Summer in time of Coronavirus disease 2019: How to use hand sanitizers?

Farah Marraha, Ibtissam Al Faker, Najlaa Rahmani, Younes Benyamna, Salim Gallouj

Department of Dermatology, University Hospital Center of Tangier, Tetouan, Al Hoceima, Faculty of Medicine and Pharmacy Tangier, Abdelmalek Essaadi University, Tangier, Morocco

Corresponding authors: Dr. Farah Marraha, Dr Ibtissam Al Faker

Submission: 06.08.2020; Acceptance: 29.08.2020

DOI: 10.7241/ourd.2020S.11

Cite this article: Marraha F, Al Faker I, Rahmani N, Benyamna Y, Gallouj S,. Summer in time of Coronavirus disease 2019: How to use hand sanitizers? Our Dermatol Online. 2020;11(Supp. 2):29-30.

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© Our Dermatology Online 2020. No commercial re-use. See rights and permissions. Published by Our Dermatology Online.


Since Pandemic COVID-19 began, disinfecting and hands washing with soap or alcohol-based hand rubs (ABHRs) have been among the most economical, easiest, and essential measures to prevent the virus spread. Both methods, hand washing or the use of ABHRS, have proven their effectiveness on SARS-CoV-2 ( severe acute respiratory syndrome coronavirus 2). After 4 months of using these products, several side effects have been reported, especially for health workers. In this article, we will try to deduce some recommendations for hand hygiene (Table 1), useful especially as summer begins.

Table 1: Recommendations                                                                  


Over the years, handwashing with soap and water has been considered a measure of personal hygiene; and now, it became a ritual to avoid contamination during the COVID-19 pandemic.

Soap works by dissolving the lipid membranes of microbes, then making them inactive. It has been demonstrated that water containing 1.00% powdered is useful in removing viruses and deactivates their envelope, including coronavirus .

The soap must be obtained from a liquid dispenser; the bar form is not recommended since it may contain germs. However, other studies have shown that the risk of transmitting microorganisms by washing hands with previously used bar soap is negligible (1).


According to WHO, the (ABHR) preparation must contain (2):

  • Alcohol (Ethanol, propanol): active component in the formulation which has an antimicrobial activity capable of denaturing and coagulating proteins.
  • An antibacterial agent (hydrogen peroxide (H2O2), in low concentration, used only for the inactivation of bacterial spores potentially present in the bulk product and the recipients.
  • Glycerol or other emollients that help prevent drying of the skin.
  • Distilled or boiled and cooled water.
  • The addition of other ingredients or perfumes is not recommended.

A recent study has confirmed the effectiveness of these WHO-recommended formulations on Sars-CoV-2 (3).

Three formats of the ABHR are recognized (gel, liquid, or foam); some studies have tried to compare their effectiveness and their virucidal action. It has been suggested that, for the adequate dose, the liquid form is much more acceptable since it is faster to dry and gives a less sticky feeling. The gel seemed to be more moisturizing. The foam format combined the two proprieties (4).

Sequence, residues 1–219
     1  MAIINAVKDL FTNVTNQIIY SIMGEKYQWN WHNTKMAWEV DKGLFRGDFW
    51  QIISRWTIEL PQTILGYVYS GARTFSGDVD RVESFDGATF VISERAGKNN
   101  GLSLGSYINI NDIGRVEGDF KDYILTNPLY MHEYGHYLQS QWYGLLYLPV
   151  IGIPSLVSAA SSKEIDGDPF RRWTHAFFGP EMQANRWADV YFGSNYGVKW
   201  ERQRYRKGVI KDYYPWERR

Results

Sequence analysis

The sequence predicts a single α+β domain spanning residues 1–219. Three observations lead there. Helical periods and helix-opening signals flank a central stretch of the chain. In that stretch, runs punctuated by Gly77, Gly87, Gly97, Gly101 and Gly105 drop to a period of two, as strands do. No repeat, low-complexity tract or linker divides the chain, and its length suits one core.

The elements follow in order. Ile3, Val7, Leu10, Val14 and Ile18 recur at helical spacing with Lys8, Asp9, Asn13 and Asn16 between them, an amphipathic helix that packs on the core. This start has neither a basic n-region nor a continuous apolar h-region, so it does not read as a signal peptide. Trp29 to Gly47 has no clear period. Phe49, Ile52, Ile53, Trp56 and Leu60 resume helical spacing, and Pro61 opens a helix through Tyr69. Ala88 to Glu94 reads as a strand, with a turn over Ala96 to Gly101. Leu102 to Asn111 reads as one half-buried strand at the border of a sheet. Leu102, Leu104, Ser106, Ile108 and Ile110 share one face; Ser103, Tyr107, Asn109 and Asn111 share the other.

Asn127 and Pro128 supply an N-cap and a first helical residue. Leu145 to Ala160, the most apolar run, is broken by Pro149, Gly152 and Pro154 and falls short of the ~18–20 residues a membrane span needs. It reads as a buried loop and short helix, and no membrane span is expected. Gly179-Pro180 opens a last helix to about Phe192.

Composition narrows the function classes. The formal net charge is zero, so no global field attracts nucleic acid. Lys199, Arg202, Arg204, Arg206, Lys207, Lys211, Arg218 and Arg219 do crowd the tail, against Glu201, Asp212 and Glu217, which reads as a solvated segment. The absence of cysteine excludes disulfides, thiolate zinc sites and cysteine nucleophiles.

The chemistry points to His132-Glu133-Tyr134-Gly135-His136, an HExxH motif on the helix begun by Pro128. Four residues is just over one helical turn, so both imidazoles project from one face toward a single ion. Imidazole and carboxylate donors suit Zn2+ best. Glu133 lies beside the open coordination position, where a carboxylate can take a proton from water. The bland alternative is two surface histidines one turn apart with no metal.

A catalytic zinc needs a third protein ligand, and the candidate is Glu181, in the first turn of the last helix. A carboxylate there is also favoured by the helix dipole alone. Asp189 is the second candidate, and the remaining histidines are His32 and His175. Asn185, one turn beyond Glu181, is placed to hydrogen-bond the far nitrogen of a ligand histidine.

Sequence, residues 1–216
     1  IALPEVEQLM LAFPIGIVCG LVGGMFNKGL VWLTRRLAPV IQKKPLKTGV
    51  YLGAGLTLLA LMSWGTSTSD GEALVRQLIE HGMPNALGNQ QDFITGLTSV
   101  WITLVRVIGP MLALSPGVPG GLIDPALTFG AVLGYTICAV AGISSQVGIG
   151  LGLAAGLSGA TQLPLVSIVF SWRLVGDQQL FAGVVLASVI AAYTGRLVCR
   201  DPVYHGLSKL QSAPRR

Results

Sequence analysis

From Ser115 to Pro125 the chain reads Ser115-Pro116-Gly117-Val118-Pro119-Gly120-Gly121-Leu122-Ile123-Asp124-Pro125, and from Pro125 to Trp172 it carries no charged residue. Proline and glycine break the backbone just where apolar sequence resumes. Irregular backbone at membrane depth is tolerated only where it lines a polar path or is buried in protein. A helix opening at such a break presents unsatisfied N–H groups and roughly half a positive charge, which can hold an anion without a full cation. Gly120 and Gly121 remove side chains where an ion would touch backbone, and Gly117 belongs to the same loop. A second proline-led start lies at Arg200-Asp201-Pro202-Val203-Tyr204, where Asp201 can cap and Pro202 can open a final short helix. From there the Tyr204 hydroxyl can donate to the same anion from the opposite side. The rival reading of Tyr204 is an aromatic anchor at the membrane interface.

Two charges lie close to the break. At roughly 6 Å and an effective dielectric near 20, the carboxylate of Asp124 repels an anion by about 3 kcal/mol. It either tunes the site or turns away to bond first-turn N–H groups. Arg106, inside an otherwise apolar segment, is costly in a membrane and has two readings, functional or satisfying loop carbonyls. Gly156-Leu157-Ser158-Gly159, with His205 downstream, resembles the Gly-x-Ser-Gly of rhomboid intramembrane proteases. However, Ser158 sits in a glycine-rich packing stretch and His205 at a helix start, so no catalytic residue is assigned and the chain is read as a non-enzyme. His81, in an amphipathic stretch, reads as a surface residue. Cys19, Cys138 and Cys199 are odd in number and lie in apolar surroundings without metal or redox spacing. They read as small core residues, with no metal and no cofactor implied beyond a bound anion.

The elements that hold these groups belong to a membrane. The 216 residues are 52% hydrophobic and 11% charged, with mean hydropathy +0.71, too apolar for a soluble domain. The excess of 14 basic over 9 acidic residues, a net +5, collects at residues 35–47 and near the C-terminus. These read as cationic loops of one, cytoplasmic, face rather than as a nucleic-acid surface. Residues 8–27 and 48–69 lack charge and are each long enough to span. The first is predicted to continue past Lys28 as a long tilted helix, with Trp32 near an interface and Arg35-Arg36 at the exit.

There is no precise volume of application; it varies between 1.5 and 3ml, which is equivalent to one pump from the foam bottle. Nevertheless, the quantity that is recommended by The World Health Organization is one that can cover all surfaces of the hand (2).

Summer season begins, and some dermatologists reported that the sun exposure after the application of(ABHRs) could cause burns or irritation. Still, the components of (ABHRs) are not photo-sensitizing; a study (5) realized to compare the local tolerance of alcohols commonly used an alcohol-based hand rubs for hand hygiene (ethanol, propanol) have confirmed this fact.

Hand washing after ABHRs application is not recommended, water is capable of removing superficial sebum layer as well as eliminating the emollients associated with ABHRs for hydration.


The examination of the patient was conducted according to the principles of the Declaration of Helsinki.


1. Bannan EA, Judge LF. Bacteriological Studies relating to handwashing. Am J Public Health Nations Health. juin 1965;55:915-22.

2. Boyce JM, Pittet D, Healthcare Infection Control Practices Advisory Committee. Society for Healthcare Epidemiology of America. Association for Professionals in Infection Control. Infectious Diseases Society of America. Hand Hygiene Task Force. Guideline for Hand Hygiene in Health-Care Settings:recommendations of the Healthcare Infection Control Practices Advisory Committee and the HICPAC/SHEA/APIC/IDSA Hand Hygiene Task Force. Infect Control Hosp Epidemiol. déc 2002;23(12 Suppl):S3-40.

3. Kratzel A, Todt D, V’kovski P, Steiner S, Gultom M, Thao TTN, et al. Inactivation of severe acute respiratory syndrome Coronavirus 2 by WHO-recommended hand rub formulations and alcohols. Emerg Infect Dis. 2020;26:1592-5.

4. Greenaway RE, Ormandy K, Fellows C, Hollowood T. Impact of hand sanitizer format (gel/foam/liquid) and dose amount on its sensory properties and acceptability for improving hand hygiene compliance. J Hosp Infect. 2018;100:195-201.

5. Manche M, FolignéB, Sauty M, Platel A, Vercauteren E, Rauwel G, et al. Comparative assessment of local tolerance of alcohols commonly used in alcohol-based hand rubs for hand hygiene. Toxicol Vitro. 2017;44:142-53.


Source of Support: Nil,

Conflict of Interest: None declared.

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